I published my first blog post for A Striving Parent only four months ago. Four months is no time at all, but I am amazed by how quickly my day-to-day life has changed since before I started this project. Now, I’m on an intentional parenting path, I’ve built community with other parents locally and nationally around issues of social and racial justice and I’m starting to organize parent workshops here in Atlanta.
My life has changed and this blog propelled me into action even though that wasn’t necessarily my original intent. At first, I only committed to stay up on national and international news as much as possible; to seek out stories that weren’t floating to the surface through mainstream media. If nothing else, I wanted my writing and the Facebook page to keep me accountable to the parent and person I strive to be.
I quickly discovered, however, that reading and digesting the news is exhausting in and of itself. At my core, I’m an optimist who believes in the good of humanity, but the barrage of injustice happening on a daily basis pushes back against that innate hopefulness. The discord between what I want to believe about the world and what the world actually presents is challenging. In my best moments, that discord inspires me to act. In my worst moments, the discord causes me to retreat.
The national and international events of the past few weeks has created major internal dissonance. Hope has been a fleeting emotion and my worst self so desperately wants to make an appearance. I’ve felt this powerful urge to turn off the TV, shut down my computer, power off my phone and just bliss out on sweet, sweet ignorance. I want to enjoy the fact that my daughter started walking this past week and get lost in the wonder and excitement of watching her wobbly little legs carry her around without the overwhelming fear that the world is falling apart. I want to focus on the upcoming Thanksgiving meal with family without worrying about how the holiday itself has been revised and edited; the original atrocities of the English settlers nowhere to be found within the story we’re taught since childhood. Worrying about the world ending versus changing our Thanksgiving narrative obviously fall on different spectrums of extremity, but I purposely use them both because the more educated I become the more I realize that on a macro and micro level much of my understanding of the world is horribly skewed.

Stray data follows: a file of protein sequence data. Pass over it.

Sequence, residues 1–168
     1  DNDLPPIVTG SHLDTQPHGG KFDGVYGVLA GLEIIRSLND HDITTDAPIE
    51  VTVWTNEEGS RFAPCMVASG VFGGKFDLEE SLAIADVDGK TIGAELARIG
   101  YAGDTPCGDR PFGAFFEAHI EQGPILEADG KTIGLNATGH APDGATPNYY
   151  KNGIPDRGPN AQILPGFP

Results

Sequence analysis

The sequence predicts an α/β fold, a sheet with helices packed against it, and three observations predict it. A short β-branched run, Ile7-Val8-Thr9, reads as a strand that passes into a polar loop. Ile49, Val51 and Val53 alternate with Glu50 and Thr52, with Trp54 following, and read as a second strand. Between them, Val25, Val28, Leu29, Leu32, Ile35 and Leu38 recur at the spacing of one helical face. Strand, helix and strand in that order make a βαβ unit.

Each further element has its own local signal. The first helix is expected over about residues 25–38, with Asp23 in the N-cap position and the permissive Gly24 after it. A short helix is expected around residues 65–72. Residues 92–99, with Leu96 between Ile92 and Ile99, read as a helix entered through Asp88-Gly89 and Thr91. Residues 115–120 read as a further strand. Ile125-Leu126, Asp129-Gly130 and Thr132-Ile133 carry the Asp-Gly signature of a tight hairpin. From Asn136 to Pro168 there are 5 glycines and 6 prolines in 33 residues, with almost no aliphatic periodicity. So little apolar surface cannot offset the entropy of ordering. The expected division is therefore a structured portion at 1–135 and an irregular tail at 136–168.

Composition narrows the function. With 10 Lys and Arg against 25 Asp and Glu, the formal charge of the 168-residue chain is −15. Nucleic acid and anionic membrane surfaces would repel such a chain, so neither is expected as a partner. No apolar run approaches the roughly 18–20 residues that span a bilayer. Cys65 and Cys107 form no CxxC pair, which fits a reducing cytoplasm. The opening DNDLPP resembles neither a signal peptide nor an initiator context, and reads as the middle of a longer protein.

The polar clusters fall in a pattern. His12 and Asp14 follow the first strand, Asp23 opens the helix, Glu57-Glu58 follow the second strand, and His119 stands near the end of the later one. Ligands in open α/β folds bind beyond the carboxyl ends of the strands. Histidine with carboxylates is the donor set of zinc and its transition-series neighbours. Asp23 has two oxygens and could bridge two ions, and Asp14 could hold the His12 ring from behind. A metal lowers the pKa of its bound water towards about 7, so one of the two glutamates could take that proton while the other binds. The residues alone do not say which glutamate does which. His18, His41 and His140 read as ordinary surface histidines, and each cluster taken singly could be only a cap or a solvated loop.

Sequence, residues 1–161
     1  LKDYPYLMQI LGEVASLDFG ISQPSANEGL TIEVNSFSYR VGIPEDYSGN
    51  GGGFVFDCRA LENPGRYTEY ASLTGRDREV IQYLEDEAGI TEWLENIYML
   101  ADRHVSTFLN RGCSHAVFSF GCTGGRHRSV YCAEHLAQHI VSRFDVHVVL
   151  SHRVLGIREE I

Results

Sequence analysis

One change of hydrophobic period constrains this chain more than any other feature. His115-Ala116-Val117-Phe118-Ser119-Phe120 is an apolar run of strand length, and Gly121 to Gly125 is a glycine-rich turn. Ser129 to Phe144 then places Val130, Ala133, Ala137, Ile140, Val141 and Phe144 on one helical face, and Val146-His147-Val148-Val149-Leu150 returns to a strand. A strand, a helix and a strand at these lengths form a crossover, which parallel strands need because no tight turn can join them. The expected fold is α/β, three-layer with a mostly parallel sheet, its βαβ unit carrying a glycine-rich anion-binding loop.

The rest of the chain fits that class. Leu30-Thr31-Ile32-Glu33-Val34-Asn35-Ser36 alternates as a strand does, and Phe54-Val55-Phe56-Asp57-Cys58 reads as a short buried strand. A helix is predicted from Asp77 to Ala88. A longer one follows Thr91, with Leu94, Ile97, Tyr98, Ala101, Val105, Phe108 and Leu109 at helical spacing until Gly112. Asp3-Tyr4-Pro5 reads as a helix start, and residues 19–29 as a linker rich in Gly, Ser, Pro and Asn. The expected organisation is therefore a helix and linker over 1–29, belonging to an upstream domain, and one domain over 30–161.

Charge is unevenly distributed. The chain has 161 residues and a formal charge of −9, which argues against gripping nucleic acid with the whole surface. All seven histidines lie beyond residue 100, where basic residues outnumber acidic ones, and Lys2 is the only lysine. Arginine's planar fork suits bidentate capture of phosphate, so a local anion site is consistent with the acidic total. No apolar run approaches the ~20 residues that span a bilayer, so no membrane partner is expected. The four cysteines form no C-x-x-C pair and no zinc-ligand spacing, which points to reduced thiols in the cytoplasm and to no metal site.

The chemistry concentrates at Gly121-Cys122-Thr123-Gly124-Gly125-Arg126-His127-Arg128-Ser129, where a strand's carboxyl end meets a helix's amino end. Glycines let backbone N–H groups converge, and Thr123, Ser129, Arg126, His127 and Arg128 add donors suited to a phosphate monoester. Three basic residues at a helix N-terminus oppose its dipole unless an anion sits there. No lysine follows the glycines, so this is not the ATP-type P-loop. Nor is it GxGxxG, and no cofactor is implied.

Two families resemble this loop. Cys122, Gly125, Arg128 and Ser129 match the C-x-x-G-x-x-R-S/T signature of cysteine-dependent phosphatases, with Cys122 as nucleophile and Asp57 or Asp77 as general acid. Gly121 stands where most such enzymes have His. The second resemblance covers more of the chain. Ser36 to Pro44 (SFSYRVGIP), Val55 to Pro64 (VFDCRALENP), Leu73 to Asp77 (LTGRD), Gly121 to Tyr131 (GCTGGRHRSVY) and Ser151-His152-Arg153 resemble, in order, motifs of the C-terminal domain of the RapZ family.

I recognize that my personal inclination to run and hide under the covers is a reflection of my white privilege. I can fall back on that privilege anytime I choose. I can stop reading the news, stop engaging my community around racial and social justice and my life will most likely not be effected. But I don’t want to live like that. In the moments when I feel overwhelmed or scared and the urge to look away is strong, I have to take a deep breath and get grounded in reality. My reality. That I’m safe and so is my family. That I’m privileged and so is my family. And that I’m in a position to be a change agent within the context of my family and my community. For me, the potential for change breeds hope.
It’s imperative I understand the violence against my black and brown brothers and sisters at the hands of the state. It’s imperative I listen to what it means to be a black college student in this country. It’s imperative I mourn with Paris, but reflect on why Beirut gets little attention. It’s imperative I denounce dangerous and hateful rhetoric against Syrian refugees and Muslims. It’s imperative I condemn those who use tragedies to discredit another person or group’s oppression as if pain and oppression can ever be quantified in such a way. That’s a lot to undertake at any given moment, but turning a blind eye will not make these realities go away for anyone except me. Learning about and acknowledging the atrocities happening is the first step towards changing them.
I plan on filling my cup, literally and figuratively, over the next few days to recharge and regroup. Staying present and bearing witness to pain and suffering is challenging, but can never be compared to experiencing the suffering first hand. This perspective is important. November has been a doozy of a month. I don’t expect the horrors to stop just yet, but I will not look away. As long as change is possible, hope burns eternal. I give thanks for all the people in this world who are fighting for that change. Happy Thanksgiving, y’all.